Donald Hall

United States Poet Laureate (2006-2007)
Distinguished Poet & Memoirist
National Medal of the Arts Recipient


"Hall paints scenes with the reverent earthiness of a Dutch master, getting all the textures right." —Alicia Ostriker


“Hall has long been placed in the Frostian tradition of the plainspoken rural poet. His reliance on simple, concrete diction and the no-nonsense sequence of the declarative sentence gives his poems steadiness and imbues them with a tone of sincere authority. It is a kind of simplicity that succeeds in engaging the reader in the first few lines.” —Billy Collins

The fourteenth United States Poet Laureate from 2006-2007, Donald Hall was born in New Haven, Connecticut, in 1928. He received his bachelor’s degree from Harvard College in 1951, and in 1953 his bachelor’s in literature from Oxford University. For the past 30 years he has lived on Eagle Pond Farm in rural New Hampshire, in the house where his grandmother and mother were born. He has two children from his first marriage and five grandchildren. He was married for twenty-three years to the poet Jane Kenyon, who died in 1995. In 1998, he published Without (Houghton Mifflin), a collection of poems expressing his grief over Kenyon’s death: “The mosaic of a whole period, with all its inner moods and its physical accessories, is masterfully accomplished” (New York Review of Books).

Hall has published sixteen books of poetry, beginning with Exiles and Marriages in 1955. In 2006, he published White Apples and the Taste of Stone: Selected Poems 1946–2006 (Houghton Mifflin), a volume of his essential life’s work. His most recent book of poetry is The Back Chamber (2011, Houghton Mifflin). Among his books for children, Ox-Cart Man won the Caldecott Medal. His twenty books of prose include Willow Temple: New and Selected Stories (2003); The Best Day the Worst Day: Life with Jane Kenyon (2005); and a collection of his essays about poetry, Breakfast Served Any Time All Day (2003). He has written extensively about life in New Hampshire in his memoirs Seasons at Eagle Pond (1987), Here at Eagle Pond (2000), Eagle Pond (2007), and Christmas at Eagle Pond (2012). His memoir Unpacking the Boxes: The Life of a Poet was published in 2008.

For his poetry, Donald Hall received the Marshall/Nation Award in 1987 for his The Happy Man; both the National Book Critics Circle Award and the Los Angeles Times Book Award in 1988 for The One Day; the Lily Prize for Poetry in 1994; two Guggenheim Fellowships; and a National Medal of Arts. He is a member of the American Academy of Arts and Letters.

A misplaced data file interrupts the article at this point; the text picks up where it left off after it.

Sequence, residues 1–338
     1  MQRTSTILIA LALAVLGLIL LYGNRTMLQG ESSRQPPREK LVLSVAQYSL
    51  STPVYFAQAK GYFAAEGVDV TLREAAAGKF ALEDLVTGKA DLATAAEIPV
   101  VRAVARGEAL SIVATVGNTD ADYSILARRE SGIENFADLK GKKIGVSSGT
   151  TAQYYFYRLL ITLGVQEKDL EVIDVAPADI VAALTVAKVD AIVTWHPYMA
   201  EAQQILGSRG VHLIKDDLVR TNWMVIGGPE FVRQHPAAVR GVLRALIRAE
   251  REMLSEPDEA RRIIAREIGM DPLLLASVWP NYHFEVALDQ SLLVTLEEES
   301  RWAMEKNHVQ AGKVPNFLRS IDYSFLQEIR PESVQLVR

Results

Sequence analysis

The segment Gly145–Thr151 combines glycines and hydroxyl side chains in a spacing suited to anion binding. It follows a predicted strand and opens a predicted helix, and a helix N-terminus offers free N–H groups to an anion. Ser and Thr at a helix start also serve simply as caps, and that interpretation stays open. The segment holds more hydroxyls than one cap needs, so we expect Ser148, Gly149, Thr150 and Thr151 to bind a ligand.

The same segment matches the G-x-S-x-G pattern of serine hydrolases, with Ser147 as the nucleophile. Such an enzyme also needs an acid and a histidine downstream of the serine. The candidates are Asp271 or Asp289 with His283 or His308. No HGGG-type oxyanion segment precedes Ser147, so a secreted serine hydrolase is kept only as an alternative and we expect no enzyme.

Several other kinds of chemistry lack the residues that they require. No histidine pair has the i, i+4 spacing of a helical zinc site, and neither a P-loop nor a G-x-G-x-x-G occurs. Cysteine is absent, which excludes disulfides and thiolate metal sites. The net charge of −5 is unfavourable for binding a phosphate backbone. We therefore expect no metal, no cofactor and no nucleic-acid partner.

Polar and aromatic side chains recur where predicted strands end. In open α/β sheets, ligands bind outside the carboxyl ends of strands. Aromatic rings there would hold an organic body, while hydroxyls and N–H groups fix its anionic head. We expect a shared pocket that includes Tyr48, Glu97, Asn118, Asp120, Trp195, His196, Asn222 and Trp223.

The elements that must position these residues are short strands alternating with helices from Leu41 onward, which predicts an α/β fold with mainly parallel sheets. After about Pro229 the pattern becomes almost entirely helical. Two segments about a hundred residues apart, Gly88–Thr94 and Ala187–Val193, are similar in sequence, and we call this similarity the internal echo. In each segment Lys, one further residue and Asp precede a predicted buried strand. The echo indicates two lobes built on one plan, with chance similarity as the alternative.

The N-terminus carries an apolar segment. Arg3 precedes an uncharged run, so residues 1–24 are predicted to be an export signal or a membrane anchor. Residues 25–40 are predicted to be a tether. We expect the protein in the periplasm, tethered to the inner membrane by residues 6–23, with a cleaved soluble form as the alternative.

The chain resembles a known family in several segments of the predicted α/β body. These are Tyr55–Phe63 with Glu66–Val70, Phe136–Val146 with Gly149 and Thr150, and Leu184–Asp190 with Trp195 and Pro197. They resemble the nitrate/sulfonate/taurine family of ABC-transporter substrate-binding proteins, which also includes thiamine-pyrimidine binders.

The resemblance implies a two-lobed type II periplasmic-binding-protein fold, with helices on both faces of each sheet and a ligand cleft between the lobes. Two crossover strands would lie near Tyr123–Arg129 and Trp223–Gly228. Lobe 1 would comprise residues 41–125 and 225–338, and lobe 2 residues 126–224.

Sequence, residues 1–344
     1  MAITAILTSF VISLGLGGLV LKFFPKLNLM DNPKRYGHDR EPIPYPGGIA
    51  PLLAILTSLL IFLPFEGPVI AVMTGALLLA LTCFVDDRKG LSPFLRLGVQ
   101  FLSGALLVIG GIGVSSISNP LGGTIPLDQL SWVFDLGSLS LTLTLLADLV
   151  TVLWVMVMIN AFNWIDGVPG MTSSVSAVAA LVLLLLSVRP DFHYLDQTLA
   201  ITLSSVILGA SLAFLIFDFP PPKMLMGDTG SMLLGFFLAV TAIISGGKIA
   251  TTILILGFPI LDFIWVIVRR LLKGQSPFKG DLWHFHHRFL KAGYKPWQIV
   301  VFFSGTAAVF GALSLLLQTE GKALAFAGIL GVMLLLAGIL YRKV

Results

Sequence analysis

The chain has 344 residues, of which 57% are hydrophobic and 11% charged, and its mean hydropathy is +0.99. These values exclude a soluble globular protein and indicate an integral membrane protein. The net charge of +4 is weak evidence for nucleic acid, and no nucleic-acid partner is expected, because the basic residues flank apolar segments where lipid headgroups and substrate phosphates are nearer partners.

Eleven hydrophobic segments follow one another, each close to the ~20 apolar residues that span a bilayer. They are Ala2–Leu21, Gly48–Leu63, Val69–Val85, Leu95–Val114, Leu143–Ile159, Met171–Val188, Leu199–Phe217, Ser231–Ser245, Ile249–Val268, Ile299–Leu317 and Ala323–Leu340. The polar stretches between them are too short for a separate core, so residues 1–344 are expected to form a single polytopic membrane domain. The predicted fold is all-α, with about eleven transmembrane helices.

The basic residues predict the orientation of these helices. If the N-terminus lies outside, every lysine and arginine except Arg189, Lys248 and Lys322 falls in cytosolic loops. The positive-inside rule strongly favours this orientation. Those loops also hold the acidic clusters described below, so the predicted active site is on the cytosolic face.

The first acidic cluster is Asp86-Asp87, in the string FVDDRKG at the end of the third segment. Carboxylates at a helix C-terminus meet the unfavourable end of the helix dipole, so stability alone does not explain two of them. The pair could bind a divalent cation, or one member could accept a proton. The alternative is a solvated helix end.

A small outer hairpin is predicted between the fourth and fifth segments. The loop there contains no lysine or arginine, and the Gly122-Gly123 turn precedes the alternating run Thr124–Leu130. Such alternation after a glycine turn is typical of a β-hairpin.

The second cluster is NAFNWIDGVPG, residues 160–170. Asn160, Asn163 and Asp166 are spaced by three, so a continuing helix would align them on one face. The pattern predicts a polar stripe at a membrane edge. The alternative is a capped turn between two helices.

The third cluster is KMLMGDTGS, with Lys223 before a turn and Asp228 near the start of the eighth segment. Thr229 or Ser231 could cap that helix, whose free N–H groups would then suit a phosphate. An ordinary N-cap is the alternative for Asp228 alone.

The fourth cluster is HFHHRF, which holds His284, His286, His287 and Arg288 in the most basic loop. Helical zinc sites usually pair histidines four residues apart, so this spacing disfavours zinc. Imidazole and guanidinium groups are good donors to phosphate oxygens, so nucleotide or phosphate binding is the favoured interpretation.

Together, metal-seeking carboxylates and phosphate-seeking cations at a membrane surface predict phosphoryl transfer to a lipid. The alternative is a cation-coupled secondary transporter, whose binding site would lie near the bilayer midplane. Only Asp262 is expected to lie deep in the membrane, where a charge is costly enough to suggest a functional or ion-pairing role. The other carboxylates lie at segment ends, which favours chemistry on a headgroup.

About THE BACK CHAMBER (Poetry, 2011)
In The Back Chamber, Donald Hall illuminates the evocative, iconic objects of deep memory—"a cowbell," "a white stone perfectly round," "a three-legged milking stool"—that serve to foreground the rich meditations on time and mortality that run through his remarkable new collection. While Hall’s devoted readers will recognize many of his long-standing preoccupations—baseball, the family farm, love, sex, and friendship—what will strike them as new is the fierce, pitiless poignancy he reveals as his own life’s end comes into view. The Back Chamber is far from being death-haunted but rather is lively, irreverent, sexy, hilarious, ironic, and sly—full of the life-affirming energy that has made Donald Hall one of America’s most popular and enduring poets.

Donald Hall's remarkable life in poetry—a career capped by his appointment as US poet laureate in 2006—comes alive in this richly detailed, self-revealing memoir. Hall's invaluable record of the making of a poet begins with his childhood in Depression-era suburban Connecticut, where he first realized poetry was "secret, dangerous, wicked, and delicious," and ends with what he calls "the planet of antiquity," a time of life dramatically punctuated by his appointment as poet laureate of the United States. Hall writes eloquently of the poetry and books that moved and formed him as a child and young man, and of adolescent efforts at poetry writing—an endeavor he wryly describes as more hormonal than artistic. His painful formative days at Exeter, where he was sent like a naive lamb to a high WASP academic slaughter, are followed by a poetic self-liberation of sorts at Harvard. Here he rubs elbows with Frank O'Hara, John Ashbery, and Edward Gorey, and begins lifelong friendships with Robert Bly, Adrienne Rich, and George Plimpton. After Harvard, Hall is off to Oxford, where the high spirits and rampant poetry careerism of the postwar university scene are brilliantly captured. At eighty, Hall is as painstakingly honest about his failures and low points as a poet, writer, lover, and father as he is about his successes, making Unpacking the Boxes both revelatory and tremendously poignant.